Monday, November 25, 2019

A Hymn of Praise

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This sermon is based on Psalms 103 and expresses the appropriateness of giving praise to the Lord at all times, but especially during the season when our nation recognizes a national day of Thanksgiving. In the Psalm, David provides an appeal for personal praise; a sampling of God’s attributes; and an exhortation for universal praise. 

Written Excerpts:

A few years ago, I had the privilege of attending a class at Grove City College called “Perspectives on the World Christian Movement.” It truly gave me a much larger, different and better perspective on the topic of “missions” than I previously had. I think it was the very first class in which the instructor reminded us that our primary purpose in life is to glorify God. We are expected and instructed to offer Him all our adoration and praise. 
That instructor is also the one who first introduced me to “Cat and Dog Theology!” 
A cat says: “You pet me, you feed me, you shelter me, you love me, I must be God.”
A dog says: “You pet me, you feed me, you shelter me, you love me, You must be God.”
Cat theology – What can I get or benefit from God? Dog theology – How can I honor/bless/direct praise to God? “Dogs” worship God primarily for Who He is. “Cats” worship God primarily for what He’s done for them.
There was another instructor later in the course who made the statement, “God deserves to be worshiped by every person in the world.”
During this time of the year we are encouraged to express our thanks to God as we celebrate the National Day of Thanksgiving. It is fitting and right for us to give thanks to the Lord for all the daily blessings He provides for us, but we must always realize that God is worthy to be praised and worshiped even if He didn’t give us so many wonderful blessings. Why? Because worship is all about Him, not us.
So today, I want to direct our attention to a Psalm that gives us some clear admonitions about offering praise to the Lord. I have referred to this Psalm as “A Hymn of Praise.” You may know that many of the Psalms were sung by the ancient Jews during sacrifices at the temple. In fact, King David organized teams of musicians to take turns providing music at the temple. So I think it is very appropriate to call this Psalm “A Hymn of Praise.”
What does King David have to say regarding the matter of giving praise to the Lord?
David provides an appeal for personal praise; a sampling of God’s attributes; and an exhortation for universal praise.
Let’s review the verses of the Psalm to discover what David has to say about these matters.
I.          An Appeal for Personal Praise (vv. 1-5)
“Bless” – The Hebrew word used here stems from the word for “knee” and is believed to be linked to the usual custom of kneeling to receive a blessing.
(The Treasury of David, Charles Spurgeon) - You have often heard, that when God is said to bless men, and they on the other hand are excited to bless him, the word is taken in two very different senses. God is the only fountain of being and happiness, from which all good ever flows; and hence he is said to bless his creatures when he bestows mercies and favors upon them, gives them any endowments of body and mind, delivers them from evils, and is the source of their present comforts and future hopes. But in this sense, you will see there is no possibility of any creature [to bless] God; for … his infinite and unblemished perfection renders him incapable of receiving any higher excellency, or improvement in happiness; …. To bless God, then, is, … to acknowledge those divine excellencies, which render him the best and greatest of beings, the only object worthy of the highest adoration: it is to give him the praise of all those glorious attributes which adorn his nature, and are so conspicuously manifested in his works and ways.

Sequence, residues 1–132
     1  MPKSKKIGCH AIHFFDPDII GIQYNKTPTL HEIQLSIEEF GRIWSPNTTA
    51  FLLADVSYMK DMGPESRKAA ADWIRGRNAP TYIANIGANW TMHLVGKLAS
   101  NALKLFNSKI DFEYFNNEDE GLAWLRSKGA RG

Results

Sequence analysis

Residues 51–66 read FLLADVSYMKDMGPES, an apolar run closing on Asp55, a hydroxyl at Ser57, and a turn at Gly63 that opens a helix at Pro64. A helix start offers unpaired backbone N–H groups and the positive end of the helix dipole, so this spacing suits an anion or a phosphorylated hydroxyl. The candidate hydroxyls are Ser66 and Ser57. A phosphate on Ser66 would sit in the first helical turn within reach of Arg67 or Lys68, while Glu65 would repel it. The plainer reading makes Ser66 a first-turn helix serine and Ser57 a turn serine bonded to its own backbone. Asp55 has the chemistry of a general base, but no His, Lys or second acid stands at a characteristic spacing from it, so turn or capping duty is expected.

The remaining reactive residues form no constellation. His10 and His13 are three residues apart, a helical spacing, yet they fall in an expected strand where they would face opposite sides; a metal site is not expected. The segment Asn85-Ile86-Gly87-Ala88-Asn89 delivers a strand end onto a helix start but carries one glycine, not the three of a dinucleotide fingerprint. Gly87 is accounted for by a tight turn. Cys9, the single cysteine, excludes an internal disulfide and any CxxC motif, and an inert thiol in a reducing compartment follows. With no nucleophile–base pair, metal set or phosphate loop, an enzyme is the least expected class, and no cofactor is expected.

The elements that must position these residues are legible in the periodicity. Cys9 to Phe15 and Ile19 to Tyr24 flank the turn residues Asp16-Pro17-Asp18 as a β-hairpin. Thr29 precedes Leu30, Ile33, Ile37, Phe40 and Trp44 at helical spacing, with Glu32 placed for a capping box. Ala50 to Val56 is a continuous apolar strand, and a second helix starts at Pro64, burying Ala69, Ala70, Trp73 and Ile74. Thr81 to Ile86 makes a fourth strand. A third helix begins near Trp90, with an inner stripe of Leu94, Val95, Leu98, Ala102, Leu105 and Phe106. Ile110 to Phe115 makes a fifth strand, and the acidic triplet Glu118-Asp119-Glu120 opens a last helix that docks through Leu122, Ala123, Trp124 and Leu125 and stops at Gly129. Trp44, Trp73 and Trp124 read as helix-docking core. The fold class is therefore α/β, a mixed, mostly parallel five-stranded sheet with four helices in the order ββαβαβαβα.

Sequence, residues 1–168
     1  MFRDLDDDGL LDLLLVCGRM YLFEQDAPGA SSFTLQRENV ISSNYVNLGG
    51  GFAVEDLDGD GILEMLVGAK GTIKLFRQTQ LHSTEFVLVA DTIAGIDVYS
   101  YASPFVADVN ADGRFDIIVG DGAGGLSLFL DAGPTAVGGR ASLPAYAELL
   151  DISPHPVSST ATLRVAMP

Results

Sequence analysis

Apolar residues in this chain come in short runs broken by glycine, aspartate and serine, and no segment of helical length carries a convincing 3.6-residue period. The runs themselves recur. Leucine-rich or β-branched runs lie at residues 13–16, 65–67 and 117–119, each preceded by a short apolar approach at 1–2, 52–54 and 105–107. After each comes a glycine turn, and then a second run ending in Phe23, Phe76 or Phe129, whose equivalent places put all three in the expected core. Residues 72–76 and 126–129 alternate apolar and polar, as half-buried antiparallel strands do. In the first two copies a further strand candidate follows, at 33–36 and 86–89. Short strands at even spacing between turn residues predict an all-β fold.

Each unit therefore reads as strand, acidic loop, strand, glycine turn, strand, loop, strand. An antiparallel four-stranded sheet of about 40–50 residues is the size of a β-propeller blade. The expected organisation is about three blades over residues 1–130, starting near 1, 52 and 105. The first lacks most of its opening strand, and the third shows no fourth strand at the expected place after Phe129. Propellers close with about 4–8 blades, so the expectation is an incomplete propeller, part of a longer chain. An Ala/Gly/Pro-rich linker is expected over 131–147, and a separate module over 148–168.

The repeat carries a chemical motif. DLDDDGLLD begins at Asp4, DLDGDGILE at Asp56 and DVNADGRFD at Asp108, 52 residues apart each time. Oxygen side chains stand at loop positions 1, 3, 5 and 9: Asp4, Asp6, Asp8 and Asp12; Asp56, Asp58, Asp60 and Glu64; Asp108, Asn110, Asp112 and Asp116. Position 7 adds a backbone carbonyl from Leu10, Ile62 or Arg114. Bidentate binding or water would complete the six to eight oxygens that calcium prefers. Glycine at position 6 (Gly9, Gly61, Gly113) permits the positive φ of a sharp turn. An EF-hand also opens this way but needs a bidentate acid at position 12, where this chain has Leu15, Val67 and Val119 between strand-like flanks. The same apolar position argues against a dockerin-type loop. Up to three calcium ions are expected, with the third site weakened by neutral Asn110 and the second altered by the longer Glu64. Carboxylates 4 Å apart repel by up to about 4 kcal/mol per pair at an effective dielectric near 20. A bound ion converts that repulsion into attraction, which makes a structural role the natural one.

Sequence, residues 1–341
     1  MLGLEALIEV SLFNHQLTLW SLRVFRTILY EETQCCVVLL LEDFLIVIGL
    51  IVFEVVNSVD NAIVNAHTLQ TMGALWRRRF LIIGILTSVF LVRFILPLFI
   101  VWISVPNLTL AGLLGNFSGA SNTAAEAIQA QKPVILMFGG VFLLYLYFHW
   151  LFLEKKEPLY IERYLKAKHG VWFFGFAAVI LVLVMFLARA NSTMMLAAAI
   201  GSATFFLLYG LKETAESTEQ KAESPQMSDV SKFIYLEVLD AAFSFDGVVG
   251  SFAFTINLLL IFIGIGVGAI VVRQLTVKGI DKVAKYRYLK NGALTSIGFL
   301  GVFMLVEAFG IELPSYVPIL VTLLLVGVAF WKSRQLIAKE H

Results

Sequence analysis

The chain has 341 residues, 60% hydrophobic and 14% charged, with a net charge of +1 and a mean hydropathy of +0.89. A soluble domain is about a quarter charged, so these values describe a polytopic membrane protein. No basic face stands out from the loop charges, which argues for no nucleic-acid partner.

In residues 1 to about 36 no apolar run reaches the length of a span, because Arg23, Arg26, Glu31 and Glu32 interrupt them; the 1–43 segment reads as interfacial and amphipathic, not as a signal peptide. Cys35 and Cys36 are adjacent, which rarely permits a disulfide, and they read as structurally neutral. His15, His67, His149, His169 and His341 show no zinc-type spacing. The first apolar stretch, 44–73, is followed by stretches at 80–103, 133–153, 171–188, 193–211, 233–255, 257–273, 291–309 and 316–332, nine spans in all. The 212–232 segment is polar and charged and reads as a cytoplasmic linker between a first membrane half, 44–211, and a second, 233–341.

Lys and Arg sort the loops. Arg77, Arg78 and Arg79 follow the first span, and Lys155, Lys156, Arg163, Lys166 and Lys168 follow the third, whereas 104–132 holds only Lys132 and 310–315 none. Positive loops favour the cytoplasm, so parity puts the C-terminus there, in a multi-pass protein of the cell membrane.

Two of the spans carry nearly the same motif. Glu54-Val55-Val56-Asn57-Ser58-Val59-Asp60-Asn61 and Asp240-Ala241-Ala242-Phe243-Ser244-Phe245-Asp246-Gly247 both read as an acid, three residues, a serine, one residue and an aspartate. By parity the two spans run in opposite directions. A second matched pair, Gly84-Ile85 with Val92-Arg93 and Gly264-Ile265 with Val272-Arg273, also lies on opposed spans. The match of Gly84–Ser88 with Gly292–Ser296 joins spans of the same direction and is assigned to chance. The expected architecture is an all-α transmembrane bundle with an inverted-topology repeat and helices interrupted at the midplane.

A. Praise shall come from the “soul.”
1. “Soul” – “represents the whole man” (Keil & Delitzsch). That aspect which joins the spirit and body thus representing the whole person.
2. “All that is within me” – (NIV) “my inmost being.” (BDB; TWOT) “inward part(s).”
(Keil and Delitzsch Commentary) The ‏[inward parts]‎ is choice expression for the heart, which is called ‏…the reins, the liver, etc.; for according to the scriptural conception (Psychology, S. 266; tr. p. 313) these organs of the cavities of the breast and abdomen serve not merely for the bodily life, but also the psycho-spiritual life. 
(Expositor's Bible Commentary, Revised) …he has nothing else in mind than a full commitment to the act of giving thanks. There is no thought of a separation between “soul” and “inmost being” (lit., “my inner parts”) or between “soul” and “body,” because in Hebraic thought the worshiper praises the Lord with his or her entire being.
Therefore, though the words “soul” and “inmost being” or “all that is within me” are used, the point clearly is that we are to direct praise to the Lord with every aspect and fiber of our whole being.
B. Praise shall be directed to the Lord.
1. Lord (YaHWeH) This is the same word that God used to reveal Himself to Moses, “I Am that I Am.” The All-Present One; The All-Sufficient One…
As I stated at the beginning of the message, the Lord deserves the adoration, worship and praise of every living creature in the world. 
C. Praise includes thanks for His benefits
1. Forgiveness of sins
Psalm 103:3 (NKJV)  Who forgives all your iniquities, Who heals all your diseases, 
 (Tyndale Commentaries) He begins by remembering that God forgives sin. Sin creates a barrier between humanity and a holy God, but God will forgive the sin of a contrite heart (Psalm 51:17 (KJV)  The sacrifices of God are a broken spirit: a broken and a contrite heart, O God, thou wilt not despise.).